So you understand the dangers of viruses infecting your machines (lost time, lost data, all-around bad news). You’ve purchased anti-virus software (either on your own or through your IT provider’s workstation management solution). You’re 100% protected now, right?
Unfortunately not. As some of you may know from experience, it is possible to be infected by a virus even if you have an anti-virus solution in place. After 24 years in the IT services industry, you can imagine that we’ve seen our share of these cases.
Why does this happen?
Below we’ll walk through how exactly anti-virus software works, why your machine can still be infected with this software in place, and how you can best prevent this from happening.
Why you get viruses even if you have anti-virus software
As we explored in another article, there are two main kinds of anti-virus software: resident anti-virus packages, and second-opinion scanners (also known as “cleaners”).
Resident packages remain active on your machine at all times. They are equipped with a collection of viral signatures (patterns) that indicate that a program is a virus. If any of these signatures are caught on your system, the software takes action to block or remove it.
Key word here: if.
While anti-virus software will be updated with new virus signatures as they’re identified, there is generally a 1-2 day period between when a virus is first let loose, and when the signature sticks. In that 1-2 days, then, you can most definitely become infected by something that your software doesn’t even know exists yet (these are known as “zero-day” viruses).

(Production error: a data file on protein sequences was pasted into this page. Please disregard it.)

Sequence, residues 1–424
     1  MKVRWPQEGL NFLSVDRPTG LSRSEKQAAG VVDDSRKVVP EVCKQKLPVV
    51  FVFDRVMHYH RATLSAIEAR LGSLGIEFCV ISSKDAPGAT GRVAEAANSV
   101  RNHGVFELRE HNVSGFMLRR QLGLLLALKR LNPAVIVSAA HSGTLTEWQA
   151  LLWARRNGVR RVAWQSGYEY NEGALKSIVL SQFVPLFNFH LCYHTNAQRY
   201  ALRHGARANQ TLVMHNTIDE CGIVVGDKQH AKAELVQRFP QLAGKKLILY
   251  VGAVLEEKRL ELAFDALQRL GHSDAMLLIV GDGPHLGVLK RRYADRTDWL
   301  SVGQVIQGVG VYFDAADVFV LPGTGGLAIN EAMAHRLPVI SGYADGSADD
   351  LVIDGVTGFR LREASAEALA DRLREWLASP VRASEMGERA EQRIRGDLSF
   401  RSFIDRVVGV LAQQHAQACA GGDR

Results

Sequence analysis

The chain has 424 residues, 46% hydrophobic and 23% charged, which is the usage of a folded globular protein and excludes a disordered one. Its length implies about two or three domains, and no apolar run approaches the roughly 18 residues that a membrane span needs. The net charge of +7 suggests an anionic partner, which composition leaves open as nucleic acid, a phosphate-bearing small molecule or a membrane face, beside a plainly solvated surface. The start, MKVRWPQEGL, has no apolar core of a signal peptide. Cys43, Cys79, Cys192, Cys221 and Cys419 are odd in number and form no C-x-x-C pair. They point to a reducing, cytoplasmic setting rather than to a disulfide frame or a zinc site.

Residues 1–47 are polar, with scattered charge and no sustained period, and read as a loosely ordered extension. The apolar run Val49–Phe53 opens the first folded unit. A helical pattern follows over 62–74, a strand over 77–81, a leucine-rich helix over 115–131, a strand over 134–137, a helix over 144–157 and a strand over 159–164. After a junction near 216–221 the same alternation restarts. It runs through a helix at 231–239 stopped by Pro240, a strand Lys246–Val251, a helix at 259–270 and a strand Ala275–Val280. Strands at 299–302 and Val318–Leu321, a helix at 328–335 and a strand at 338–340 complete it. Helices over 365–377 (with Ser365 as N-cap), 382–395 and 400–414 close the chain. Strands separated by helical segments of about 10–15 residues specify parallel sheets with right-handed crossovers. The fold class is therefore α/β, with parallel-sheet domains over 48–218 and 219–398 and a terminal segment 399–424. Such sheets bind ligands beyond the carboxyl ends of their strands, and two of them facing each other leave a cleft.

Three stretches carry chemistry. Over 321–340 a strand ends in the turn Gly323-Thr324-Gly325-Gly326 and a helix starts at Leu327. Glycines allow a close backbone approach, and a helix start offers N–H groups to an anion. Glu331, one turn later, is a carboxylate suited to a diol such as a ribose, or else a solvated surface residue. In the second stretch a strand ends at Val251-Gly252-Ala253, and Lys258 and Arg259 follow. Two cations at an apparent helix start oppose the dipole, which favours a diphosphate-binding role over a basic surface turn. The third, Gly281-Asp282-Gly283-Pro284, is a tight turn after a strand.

As you can see, there’s a reason that these malicious programs are called “viruses”—in the same way the flu virus will mutate in response to immunizations and continue infecting us year after year, computer viruses are constantly changing and developing in order to skirt the protective measures you have in place.
How to best protect yourself from these viruses
Besides having a robust anti-virus solution, there is one critical element to keeping your computer and your network from becoming infected by malicious software: knowing how to steer clear of risky situations.
In this article, we put together some tips on how to identify a malicious email before accidentally infecting your machine. Keep your staff educated on the latest threats, and make cybersecurity a priority across your organization and its culture.
We also recommend setting basic content filtering on your organization’s firewall to block sites that tend to be rife with malware (gambling sites, pornography sites, and so forth).
Beyond that, be sure you have a reliable and responsive support team at the ready who can contain and remediate issues immediately (even if it means wiping your machine and restoring data from a backup, which can sometimes be the only option).
We can’t protect ourselves from everything, but we can certainly arm ourselves with the tools and resources to recover quickly and with minimal disruption.